From funding agencies to scientific agency –

New paper on “Collective allocation of science funding as an alternative to peer review”: “Publicly funded research involves the distribution of a considerable amount of money. Funding agencies such as the US National Science Foundation (NSF), the US National Institutes of Health (NIH) and the European Research Council (ERC) give billions of dollars or euros of taxpayers’ money to individual researchers, research teams, universities, and research institutes each year. Taxpayers accordingly expect that governments and funding agencies will spend their money prudently and efficiently.

Investing money to the greatest effect is not a challenge unique to research funding agencies and there are many strategies and schemes to choose from. Nevertheless, most funders rely on a tried and tested method in line with the tradition of the scientific community: the peer review of individual proposals to identify the most promising projects for funding. This method has been considered the gold standard for assessing the scientific value of research projects essentially since the end of the Second World War.

However, there is mounting critique of the use of peer review to direct research funding. High on the list of complaints is the cost, both in terms of time and money. In 2012, for example, NSF convened more than 17,000 scientists to review 53,556 proposals [1]. Reviewers generally spend a considerable time and effort to assess and rate proposals of which only a minority can eventually get funded. Of course, such a high rejection rate is also frustrating for the applicants. Scientists spend an increasing amount of time writing and submitting grant proposals. Overall, the scientific community invests an extraordinary amount of time, energy, and effort into the writing and reviewing of research proposals, most of which end up not getting funded at all. This time would be better invested in conducting the research in the first place.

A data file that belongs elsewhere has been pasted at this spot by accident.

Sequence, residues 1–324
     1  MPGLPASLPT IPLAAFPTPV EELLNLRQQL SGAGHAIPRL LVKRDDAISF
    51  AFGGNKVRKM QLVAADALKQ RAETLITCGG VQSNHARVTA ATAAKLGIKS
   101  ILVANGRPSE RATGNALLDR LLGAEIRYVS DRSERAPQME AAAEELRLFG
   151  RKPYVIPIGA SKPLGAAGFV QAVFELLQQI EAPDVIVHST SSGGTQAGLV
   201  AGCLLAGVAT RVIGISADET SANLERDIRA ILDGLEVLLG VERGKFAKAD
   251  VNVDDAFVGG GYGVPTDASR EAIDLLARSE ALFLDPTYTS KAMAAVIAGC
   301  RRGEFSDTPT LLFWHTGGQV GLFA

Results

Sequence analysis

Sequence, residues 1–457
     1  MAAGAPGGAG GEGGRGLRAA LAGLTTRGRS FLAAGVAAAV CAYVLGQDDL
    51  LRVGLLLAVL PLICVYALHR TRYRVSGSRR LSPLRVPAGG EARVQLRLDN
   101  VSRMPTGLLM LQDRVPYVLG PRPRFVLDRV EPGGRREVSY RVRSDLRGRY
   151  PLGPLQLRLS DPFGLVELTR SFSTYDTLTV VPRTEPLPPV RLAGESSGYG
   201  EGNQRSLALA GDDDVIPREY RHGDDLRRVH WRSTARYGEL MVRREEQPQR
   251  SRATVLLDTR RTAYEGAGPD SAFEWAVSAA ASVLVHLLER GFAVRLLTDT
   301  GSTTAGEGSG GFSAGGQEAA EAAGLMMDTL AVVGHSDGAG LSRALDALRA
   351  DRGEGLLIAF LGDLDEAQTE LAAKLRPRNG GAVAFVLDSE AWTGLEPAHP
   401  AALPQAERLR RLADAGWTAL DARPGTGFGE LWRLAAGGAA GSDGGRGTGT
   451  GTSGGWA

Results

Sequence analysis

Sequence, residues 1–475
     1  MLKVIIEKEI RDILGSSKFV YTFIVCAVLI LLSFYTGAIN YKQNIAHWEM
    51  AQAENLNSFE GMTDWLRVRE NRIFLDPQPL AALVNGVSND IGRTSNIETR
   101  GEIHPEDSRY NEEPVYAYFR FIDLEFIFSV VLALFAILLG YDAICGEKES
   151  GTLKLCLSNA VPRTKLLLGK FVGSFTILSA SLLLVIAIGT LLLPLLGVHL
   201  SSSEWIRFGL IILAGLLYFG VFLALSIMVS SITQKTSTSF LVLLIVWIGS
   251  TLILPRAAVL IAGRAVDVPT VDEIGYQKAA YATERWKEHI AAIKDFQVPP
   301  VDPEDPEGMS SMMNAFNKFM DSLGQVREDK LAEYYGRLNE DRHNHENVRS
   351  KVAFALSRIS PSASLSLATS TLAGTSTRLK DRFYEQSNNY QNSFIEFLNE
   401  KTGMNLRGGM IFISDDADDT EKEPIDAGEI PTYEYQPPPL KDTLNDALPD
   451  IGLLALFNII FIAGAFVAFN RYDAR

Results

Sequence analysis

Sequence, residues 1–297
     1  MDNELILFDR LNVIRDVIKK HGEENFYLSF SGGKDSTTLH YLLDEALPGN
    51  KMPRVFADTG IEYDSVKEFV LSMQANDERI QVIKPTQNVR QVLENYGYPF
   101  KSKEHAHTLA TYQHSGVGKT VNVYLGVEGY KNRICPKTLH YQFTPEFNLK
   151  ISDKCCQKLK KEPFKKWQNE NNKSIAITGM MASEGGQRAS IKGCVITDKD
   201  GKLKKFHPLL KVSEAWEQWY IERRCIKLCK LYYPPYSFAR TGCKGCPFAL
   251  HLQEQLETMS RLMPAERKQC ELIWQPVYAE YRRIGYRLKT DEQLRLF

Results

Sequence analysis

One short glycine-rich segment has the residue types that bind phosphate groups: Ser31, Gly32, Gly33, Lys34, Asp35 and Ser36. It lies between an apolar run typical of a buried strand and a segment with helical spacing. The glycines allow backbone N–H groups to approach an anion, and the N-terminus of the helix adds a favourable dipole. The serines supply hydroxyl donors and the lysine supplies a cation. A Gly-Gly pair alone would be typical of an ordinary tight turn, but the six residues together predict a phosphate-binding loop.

Peer review may also be subject to biases, inconsistencies, and oversights. The need for review panels to reach consensus may lead to sub‐optimal decisions owing to the inherently stochastic nature of the peer review process. Moreover, in a period where the money available to fund research is shrinking, reviewers may tend to “play it safe” and select proposals that have a high chance of producing results, rather than more challenging and ambitious projects. Additionally, the structuring of funding around calls‐for‐proposals to address specific topics might inhibit serendipitous discovery, as scientists work on problems for which funding happens to be available rather than trying to solve more challenging problems.

The scientific community holds peer review in high regard, but it may not actually be the best possible system for identifying and supporting promising science. Many proposals have been made to reform funding systems, ranging from incremental changes to peer review—including careful selection of reviewers [2] and post‐hoc normalization of reviews [3]—to more radical proposals such as opening up review to the entire online population [4] or removing human reviewers altogether by allocating funds through an objective performance measure [5].

We would like to add another alternative inspired by the mathematical models used to search the internet for relevant information: a highly decentralized funding model in which the wisdom of the entire scientific community is leveraged to determine a fair distribution of funding. It would still require human insight and decision‐making, but it would drastically reduce the overhead costs and may alleviate many of the issues and inefficiencies of the proposal submission and peer review system, such as bias, “playing it safe”, or reluctance to support curiosity‐driven research.

Our proposed system would require funding agencies to give all scientists within their remit an unconditional, equal amount of money each year. However, each scientist would then be required to pass on a fixed percentage of their previous year’s funding to other scientists whom they think would make best use of the money (Fig 1). Every year, then, scientists would receive a fixed basic grant from their funding agency combined with an elective amount of funding donated by their peers. As a result of each scientist having to distribute a given percentage of their previous year’s budget to other scientists, money would flow through the scientific community. Scientists who are generally anticipated to make the best use of funding will accumulate more.”